No change in Central HS gymnastics co-op status after board discussion

gymnast-stock-1-sxc-Moi-Cody-webThe gymnastics team was on the agenda of the Central High School Board at its committee of the whole meeting Tuesday night.

But after some brief discussion by the board, no action was taken to change the implementation of a co-operative agreement to combine with the Kenosha Combined gymnastics team for the 2014-15 and 2015-16 seasons.

The agreement was approved by the Central School Board in April 2013 and was approved by the Kenosha Unified School Board last week.

Before the discussion, board President Mary Ellen Pearsall made a statement on the history of the decision. She said she was reopening the discussion on the issue among board members so any of them could get clarification on any of the issues involved, especially John Holloway, who was appointed to his seat and was attending his first meeting when the co-op decision was made, and Steve Richter, who joined the board after the decision was made.

Both Richter and Holloway did ask several questions. Shortly after, Pearsall called for the meeting to be adjourned, but gymnastics parents in the audience then asked to speak. Board members listened for a while informally, but most of them eventually left the room. District administrator Scott Pierce, principal Lisa Albrecht and athletic director Jonathan Lindh remained to talk to parents. Holloway also stayed.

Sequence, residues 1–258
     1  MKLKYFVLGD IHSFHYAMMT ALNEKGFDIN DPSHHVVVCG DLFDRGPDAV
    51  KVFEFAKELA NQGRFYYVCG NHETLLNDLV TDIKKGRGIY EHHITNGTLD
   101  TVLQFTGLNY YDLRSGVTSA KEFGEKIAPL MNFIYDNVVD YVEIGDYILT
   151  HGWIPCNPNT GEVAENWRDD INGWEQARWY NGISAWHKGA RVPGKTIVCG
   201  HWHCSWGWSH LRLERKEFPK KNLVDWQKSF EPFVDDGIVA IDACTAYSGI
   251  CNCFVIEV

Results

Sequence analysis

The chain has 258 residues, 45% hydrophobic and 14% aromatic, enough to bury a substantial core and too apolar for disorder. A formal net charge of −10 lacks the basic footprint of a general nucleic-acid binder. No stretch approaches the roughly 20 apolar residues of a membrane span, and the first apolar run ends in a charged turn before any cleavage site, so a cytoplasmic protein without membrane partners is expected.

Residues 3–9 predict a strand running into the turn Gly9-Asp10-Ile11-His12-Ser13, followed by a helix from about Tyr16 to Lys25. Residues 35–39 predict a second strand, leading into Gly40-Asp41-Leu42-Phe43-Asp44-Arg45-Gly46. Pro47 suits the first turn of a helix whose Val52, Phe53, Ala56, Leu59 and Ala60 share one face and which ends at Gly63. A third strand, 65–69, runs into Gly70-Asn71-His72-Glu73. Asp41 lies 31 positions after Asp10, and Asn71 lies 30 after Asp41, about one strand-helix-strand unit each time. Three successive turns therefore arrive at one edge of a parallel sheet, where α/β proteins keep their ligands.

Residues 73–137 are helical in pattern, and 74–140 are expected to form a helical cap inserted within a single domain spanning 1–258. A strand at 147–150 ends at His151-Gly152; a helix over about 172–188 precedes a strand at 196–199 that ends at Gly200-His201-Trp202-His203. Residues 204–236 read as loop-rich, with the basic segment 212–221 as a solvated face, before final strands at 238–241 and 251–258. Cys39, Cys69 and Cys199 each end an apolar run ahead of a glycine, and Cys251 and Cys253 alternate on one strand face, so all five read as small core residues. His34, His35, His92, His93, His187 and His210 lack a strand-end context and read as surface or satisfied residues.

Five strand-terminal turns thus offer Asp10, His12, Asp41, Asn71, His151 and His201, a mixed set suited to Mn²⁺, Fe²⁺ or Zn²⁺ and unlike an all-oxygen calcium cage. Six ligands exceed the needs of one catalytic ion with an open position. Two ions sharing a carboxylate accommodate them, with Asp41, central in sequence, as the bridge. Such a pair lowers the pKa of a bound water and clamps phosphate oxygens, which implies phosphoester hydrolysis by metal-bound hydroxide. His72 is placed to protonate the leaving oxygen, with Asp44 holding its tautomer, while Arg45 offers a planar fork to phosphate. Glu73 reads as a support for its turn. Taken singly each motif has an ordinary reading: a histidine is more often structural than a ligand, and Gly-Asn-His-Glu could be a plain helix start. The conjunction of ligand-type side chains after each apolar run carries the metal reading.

Pierce said he also was prepared to meet with parents of gymnastics team members in two weeks to answer questions about how the co-op will work.

School officials have said they pursued the co-op team with Kenosha in order to preserve gymnastics as a extracurricular for Central while also gaining space in the gym mezzanine now occupied  year round by the gymnastics equipment for the school team and a recreational club operated by coach Bill Price.

“I would love to have gymnastics here, but the problem is we have run out of space,” said Albrecht, who points out that some gym classes are now held in the building’s lobby.

Price challenges the contention that his team and rec program are taking up valuable instructional space.

“If you said we have to move it every night, we would move it,” Price said. “We could work it out. I always have.”

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